- Clean coal will be promoted by increasing the efficiency standards and old inefficient thermal stations will be assigned mandatory targets for improving energy efficiency
India has also agreed to enhance its forest cover from 24% of the geographical area in 2013 to 33% of its geographical area in long term. And it also mentions that its forest cover will absorb 2.5 to 3 billion tonnes of carbon dioxide by 2030 making it a major sink for absorbing Carbon Dioxide
Overcoming all these challenges comes at a cost. Based on estimates made by NITI Ayog (National Institution for Transforming India), India will need USD 2.5 trillion (at 2014-15 prices) for meeting India’s climate change actions between now and 2030, which will partially be generated domestically and the rest is expected to be supported by the developed countries which have pledged to provide USD 100 billion a year till 2020 as a part of Green Climate fund (GCF). India will need around USD 206 billion (at 2014-15 prices) between 2015 and 2030 for implementing adaptation actions in agriculture, forestry, fisheries infrastructure, water resources and ecosystems. It is projected that the economic damage and losses in India from climate change to be around 1.8% of its GDP annually by 2050. Also, mitigation activities for moderate low carbon development would cost around USD 834 billion till 2030 at 2011 prices.
Some other important statements India has made through the INDC were to increase the usage of Fly ash to improve air quality, Promotion of Zero liquid discharge and use of treated effluent for irrigation, Amendment to Municipal Solid Waste Management rules, improving pollution monitoring systems to name a few. The Indian INDC also talks about various programmes that are currently run by the government like the Swachh Bharat Abhiyan, Smart cities mission, Atal Mission for Rejuvenation and Urban Transformation (AMRUT) and National Heritage City Development and Augmentation Yojana (HRIDAY), existing national missions and addition of new missions for water and waste to energy, green highways program, National Mission for Clean Ganga etc.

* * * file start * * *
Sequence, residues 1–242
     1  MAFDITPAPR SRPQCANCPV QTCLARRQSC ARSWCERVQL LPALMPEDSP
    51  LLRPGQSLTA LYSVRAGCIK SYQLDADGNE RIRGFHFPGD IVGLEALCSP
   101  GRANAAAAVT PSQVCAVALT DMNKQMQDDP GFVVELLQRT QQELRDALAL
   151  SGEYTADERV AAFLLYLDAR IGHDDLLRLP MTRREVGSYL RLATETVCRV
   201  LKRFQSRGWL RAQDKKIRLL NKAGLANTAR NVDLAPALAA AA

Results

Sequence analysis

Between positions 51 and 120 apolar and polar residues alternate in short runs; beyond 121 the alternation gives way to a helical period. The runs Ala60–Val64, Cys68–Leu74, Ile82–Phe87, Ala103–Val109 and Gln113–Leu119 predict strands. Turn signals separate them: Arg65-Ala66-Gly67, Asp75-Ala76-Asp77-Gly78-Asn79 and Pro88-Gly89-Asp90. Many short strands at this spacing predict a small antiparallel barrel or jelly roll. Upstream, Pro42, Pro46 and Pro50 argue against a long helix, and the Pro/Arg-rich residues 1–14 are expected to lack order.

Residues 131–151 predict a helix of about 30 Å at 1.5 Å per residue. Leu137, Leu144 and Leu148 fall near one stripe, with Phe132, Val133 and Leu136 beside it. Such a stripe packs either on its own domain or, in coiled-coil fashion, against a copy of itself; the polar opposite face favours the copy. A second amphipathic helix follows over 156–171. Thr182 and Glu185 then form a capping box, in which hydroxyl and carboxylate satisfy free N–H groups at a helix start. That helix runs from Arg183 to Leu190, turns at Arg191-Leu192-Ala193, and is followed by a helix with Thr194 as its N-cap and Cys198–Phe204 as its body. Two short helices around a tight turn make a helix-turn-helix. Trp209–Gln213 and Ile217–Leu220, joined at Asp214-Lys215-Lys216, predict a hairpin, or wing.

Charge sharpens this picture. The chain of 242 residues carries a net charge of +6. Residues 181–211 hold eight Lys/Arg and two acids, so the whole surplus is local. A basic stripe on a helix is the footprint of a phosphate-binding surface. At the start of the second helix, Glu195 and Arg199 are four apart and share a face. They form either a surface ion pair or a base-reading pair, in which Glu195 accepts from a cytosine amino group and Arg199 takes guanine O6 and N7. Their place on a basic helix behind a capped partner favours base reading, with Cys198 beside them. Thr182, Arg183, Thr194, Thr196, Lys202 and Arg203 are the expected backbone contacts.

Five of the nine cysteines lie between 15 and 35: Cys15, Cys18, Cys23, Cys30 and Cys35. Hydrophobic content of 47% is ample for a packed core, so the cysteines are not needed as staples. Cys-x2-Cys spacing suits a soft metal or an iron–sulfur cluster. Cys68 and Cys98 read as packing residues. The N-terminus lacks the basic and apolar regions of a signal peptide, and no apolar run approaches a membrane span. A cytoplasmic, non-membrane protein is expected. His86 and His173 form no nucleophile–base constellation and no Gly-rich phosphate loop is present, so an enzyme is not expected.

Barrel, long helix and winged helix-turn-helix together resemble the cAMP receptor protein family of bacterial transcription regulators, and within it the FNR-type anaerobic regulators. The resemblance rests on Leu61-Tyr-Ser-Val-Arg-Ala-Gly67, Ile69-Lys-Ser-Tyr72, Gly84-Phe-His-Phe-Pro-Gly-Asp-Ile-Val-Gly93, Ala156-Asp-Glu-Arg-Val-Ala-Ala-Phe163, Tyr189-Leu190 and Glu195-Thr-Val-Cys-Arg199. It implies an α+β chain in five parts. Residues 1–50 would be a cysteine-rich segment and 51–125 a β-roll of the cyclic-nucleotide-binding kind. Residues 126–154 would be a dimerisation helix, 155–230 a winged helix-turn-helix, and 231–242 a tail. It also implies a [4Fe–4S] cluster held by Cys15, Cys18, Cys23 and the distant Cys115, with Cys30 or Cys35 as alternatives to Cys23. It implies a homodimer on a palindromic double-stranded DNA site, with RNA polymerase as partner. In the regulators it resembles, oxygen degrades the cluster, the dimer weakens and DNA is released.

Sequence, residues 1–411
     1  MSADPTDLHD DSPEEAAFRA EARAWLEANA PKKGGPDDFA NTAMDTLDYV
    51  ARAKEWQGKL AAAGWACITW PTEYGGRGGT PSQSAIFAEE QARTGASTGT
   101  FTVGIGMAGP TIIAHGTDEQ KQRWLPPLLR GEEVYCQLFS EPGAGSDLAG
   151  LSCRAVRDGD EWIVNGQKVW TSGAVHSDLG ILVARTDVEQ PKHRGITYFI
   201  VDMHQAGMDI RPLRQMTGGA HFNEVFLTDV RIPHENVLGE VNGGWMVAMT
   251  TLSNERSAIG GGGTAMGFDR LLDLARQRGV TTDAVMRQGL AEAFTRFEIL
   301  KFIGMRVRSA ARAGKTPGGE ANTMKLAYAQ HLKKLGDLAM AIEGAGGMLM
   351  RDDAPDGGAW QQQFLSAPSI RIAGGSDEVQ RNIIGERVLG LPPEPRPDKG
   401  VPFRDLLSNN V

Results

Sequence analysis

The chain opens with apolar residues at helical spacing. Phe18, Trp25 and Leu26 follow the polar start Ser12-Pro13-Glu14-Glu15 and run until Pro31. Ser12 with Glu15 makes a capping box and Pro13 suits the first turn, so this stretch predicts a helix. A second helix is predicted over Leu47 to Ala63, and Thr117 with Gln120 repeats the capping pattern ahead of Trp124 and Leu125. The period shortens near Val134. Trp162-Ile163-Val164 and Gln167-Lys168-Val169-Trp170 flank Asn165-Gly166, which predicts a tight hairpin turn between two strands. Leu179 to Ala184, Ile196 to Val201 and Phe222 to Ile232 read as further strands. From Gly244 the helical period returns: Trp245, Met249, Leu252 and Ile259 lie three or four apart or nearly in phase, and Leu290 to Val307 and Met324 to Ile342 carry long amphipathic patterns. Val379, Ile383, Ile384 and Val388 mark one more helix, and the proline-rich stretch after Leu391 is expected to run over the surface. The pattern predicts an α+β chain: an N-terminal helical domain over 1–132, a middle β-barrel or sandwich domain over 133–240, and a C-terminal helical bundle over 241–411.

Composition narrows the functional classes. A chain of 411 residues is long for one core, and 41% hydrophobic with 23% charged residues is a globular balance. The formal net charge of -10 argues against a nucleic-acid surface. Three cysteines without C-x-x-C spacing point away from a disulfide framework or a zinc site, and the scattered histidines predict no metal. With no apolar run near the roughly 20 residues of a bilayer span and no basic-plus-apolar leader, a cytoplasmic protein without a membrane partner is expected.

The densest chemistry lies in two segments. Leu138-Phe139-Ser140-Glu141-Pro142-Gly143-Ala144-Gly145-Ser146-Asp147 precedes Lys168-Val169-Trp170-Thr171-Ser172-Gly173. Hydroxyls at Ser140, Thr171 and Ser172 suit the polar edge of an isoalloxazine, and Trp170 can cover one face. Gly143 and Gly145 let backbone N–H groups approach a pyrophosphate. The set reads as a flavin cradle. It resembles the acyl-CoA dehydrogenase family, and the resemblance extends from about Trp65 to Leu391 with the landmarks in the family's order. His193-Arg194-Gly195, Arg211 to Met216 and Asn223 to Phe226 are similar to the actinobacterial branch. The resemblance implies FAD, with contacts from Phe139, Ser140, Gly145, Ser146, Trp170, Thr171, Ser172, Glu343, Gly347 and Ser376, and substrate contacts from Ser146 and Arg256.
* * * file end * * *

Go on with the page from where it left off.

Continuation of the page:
What does all this mean?
India is on the edge of a cliff, with it having to mitigate its emissions, adapt to the problems of climate change it faces and at the same time develop. Because of its delay in development, it is both a victim and the culprit of the problem of climate change. This is the precise reason why it cannot commit to an emission reduction pledge or to an emission peaking year. Expectations from India have anyways been low because of its need for development and India’s INDC has been applauded as fair and its renewable energy program as ambitious by many. Even otherwise, India has always stated that as it is a growing economy and has major developmental challenges to deal with, it expects the countries which have historically emitted Greenhouse gases to come forward and commit more ambitious goals and make a change in their living standards if need be.
Some of the key highlights of the India’s INDC are
- India plans to reduce the emissions intensity of its GDP by 33 to 35 percent by 2030 from 2005 level.
- 40 percent cumulative electric power installed capacity from non-fossil fuel based energy resources by 2030. A jump of 33% over non-fossil fuel capacity of 2015
- To create an additional carbon sink of 2.5 to 3 billion tonnes of CO2 equivalent through additional forest and tree cover by 2030.
- USD 2.5 trillion (at 2014-15 prices) required for meeting India’s climate change actions between now and 2030